Teaching Quality Survey

The Teaching Quality Survey asked students about four important components of high-quality teaching:

  • Quality of Nonclassroom Interactions with Faculty
  • Faculty Interest in Teaching and Student Development
  • Prompt Feedback
  • Teaching Clarity and Organization

This survey was based on questions from the Wabash National Study on in- and out-of-classroom teaching practices that were especially effective at promoting critical thinking, interest in engaging intellectually difficult questions, moral reasoning, academic motivation, retention, grades, and interest in and attitudes about diversity.

The Teaching Quality Survey was designed to help institutions identify strengths and weaknesses in the teaching that their students experience and useful areas on which to focus professional development activities for faculty. The Teaching Quality Survey was based on extensive research on teaching practices that have broad impact on students’ development and intellectual growth. For more information, see the following articles:

Blaich, C., & Wise, K. (2011). From gathering to using assessment results: Lessons from the Wabash National Study (NILOA Occasional Paper No. 8). Urbana, IL: University of Illinois and Indiana University, National Institute for Learning Outcomes Assessment.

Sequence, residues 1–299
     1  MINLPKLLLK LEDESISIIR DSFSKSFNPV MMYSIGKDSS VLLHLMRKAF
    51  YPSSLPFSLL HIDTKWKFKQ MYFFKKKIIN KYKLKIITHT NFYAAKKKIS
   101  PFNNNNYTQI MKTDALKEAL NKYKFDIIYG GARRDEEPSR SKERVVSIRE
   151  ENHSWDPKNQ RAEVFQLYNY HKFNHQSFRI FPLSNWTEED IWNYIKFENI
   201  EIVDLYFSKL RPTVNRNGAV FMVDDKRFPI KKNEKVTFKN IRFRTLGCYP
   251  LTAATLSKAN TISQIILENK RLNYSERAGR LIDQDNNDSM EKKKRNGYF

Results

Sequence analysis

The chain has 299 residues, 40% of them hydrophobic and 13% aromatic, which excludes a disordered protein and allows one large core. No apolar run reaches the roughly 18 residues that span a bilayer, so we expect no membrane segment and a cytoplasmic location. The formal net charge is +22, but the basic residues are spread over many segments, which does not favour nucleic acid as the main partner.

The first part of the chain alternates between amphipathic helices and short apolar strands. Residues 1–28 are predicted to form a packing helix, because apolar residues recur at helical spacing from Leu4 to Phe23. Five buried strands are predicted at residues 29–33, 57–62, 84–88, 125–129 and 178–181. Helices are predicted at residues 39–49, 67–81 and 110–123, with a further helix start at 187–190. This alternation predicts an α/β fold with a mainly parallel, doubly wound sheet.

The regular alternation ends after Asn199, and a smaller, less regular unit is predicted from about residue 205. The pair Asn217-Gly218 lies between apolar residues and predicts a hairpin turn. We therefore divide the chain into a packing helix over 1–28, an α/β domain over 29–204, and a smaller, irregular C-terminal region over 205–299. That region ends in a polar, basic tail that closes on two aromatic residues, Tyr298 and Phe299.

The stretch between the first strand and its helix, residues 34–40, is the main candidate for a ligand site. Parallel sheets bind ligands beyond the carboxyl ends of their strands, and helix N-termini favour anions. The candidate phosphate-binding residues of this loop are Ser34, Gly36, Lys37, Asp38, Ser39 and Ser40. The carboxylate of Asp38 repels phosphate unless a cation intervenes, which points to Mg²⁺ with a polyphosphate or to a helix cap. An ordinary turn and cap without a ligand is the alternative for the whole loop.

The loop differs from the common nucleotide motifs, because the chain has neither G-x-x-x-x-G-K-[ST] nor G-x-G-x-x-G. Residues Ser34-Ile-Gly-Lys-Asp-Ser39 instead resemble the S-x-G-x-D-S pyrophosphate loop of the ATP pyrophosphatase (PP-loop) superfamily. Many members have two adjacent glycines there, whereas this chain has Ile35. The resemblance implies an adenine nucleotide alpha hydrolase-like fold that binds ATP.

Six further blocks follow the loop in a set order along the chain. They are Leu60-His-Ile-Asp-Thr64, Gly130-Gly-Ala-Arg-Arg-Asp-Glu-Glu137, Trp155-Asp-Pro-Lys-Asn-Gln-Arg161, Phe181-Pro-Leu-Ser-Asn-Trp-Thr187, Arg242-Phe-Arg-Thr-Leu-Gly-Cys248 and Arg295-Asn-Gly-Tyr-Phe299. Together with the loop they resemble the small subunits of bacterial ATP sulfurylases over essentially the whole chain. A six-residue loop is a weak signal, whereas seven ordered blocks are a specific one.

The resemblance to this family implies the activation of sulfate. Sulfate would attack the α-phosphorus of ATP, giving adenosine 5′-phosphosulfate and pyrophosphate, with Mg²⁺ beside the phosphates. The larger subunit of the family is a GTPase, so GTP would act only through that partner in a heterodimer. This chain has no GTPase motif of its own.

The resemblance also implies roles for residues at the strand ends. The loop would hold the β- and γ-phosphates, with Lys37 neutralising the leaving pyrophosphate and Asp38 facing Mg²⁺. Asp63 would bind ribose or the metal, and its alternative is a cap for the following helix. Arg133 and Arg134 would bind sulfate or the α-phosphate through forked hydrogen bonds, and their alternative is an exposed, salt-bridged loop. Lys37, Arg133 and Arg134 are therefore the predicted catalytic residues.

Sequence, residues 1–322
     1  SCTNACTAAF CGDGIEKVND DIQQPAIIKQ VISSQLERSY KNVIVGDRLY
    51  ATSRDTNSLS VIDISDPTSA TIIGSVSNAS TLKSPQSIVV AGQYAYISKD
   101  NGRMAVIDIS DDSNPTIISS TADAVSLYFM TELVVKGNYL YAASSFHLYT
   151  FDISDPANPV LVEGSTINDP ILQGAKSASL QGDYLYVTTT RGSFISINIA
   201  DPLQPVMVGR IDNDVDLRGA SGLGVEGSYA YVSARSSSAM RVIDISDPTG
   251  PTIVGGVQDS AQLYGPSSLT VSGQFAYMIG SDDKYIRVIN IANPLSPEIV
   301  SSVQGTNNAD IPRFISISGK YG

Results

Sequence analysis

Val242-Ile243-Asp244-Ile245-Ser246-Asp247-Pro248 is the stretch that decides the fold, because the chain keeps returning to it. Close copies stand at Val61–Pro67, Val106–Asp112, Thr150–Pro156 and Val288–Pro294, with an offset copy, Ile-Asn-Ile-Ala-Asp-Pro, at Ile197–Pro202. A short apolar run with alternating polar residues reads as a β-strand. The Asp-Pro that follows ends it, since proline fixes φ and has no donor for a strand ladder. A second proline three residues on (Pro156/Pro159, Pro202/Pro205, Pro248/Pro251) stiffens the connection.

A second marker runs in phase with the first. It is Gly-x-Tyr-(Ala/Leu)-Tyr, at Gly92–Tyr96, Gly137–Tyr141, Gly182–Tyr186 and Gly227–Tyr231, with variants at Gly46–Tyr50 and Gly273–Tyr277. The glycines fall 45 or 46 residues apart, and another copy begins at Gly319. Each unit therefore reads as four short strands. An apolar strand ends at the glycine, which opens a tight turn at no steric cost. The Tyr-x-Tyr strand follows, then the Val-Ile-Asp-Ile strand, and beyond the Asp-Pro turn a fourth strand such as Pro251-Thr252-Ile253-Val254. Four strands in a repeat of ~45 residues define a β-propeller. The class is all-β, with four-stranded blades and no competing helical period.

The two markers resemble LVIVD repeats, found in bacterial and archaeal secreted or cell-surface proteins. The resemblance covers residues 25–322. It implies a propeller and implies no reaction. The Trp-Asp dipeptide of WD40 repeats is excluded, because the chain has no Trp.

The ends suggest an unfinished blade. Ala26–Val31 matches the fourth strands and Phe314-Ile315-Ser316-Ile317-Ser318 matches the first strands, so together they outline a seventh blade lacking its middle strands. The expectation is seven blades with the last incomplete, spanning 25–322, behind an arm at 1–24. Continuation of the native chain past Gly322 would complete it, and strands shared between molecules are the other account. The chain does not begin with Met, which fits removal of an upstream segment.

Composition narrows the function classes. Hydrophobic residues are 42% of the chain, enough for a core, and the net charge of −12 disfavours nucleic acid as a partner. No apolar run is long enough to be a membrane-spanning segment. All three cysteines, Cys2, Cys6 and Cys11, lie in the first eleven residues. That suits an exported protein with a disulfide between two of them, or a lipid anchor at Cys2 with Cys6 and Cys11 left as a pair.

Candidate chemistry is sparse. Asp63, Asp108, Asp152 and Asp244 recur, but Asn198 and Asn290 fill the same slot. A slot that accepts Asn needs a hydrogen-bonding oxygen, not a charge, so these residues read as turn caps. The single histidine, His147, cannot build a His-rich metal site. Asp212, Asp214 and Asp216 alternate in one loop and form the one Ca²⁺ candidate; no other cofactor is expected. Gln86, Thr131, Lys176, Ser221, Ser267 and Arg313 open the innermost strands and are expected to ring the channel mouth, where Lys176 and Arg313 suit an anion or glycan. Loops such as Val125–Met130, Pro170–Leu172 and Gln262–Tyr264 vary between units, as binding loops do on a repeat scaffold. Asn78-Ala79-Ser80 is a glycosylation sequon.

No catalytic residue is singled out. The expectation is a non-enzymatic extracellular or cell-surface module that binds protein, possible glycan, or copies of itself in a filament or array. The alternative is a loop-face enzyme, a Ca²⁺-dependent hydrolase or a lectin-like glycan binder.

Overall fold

Loes, C. N., & Pascarella, E. T. (2015). The benefits of good teaching extend beyond course achievement.  Journal of the Scholarship of Teaching and Learning, 15(2), 1–13.

Loes, C. N., Saichaie, K., Padgett, R. D., & Pascarella, E. T. (2012). The effects of teacher behaviors on students’ inclination to inquire and lifelong learning. International Journal for the Scholarship of Teaching & Learning, 6(2), 1–20.

Pascarella, E.T., & Blaich, C. (2013). Lessons from the Wabash National Study of Liberal Arts Education. Change: The Magazine of Higher Learning,45(2), 6–15.

In 2016-2017 we did a pilot project with the Teaching Quality Survey

In this, a limited number of community colleges, historically black colleges and universities (HBCUs), Hispanic-serving Institutions (HSIs), other special mission institutions, and institutions that focus on serving students with significant financial need administered the Teaching Quality Survey free of charge.

For information about this project, please contact

Charles Blaich or Kathy Wise.


Please contact us if you have questions about the 2016-2017 HEDS Teaching Quality Survey.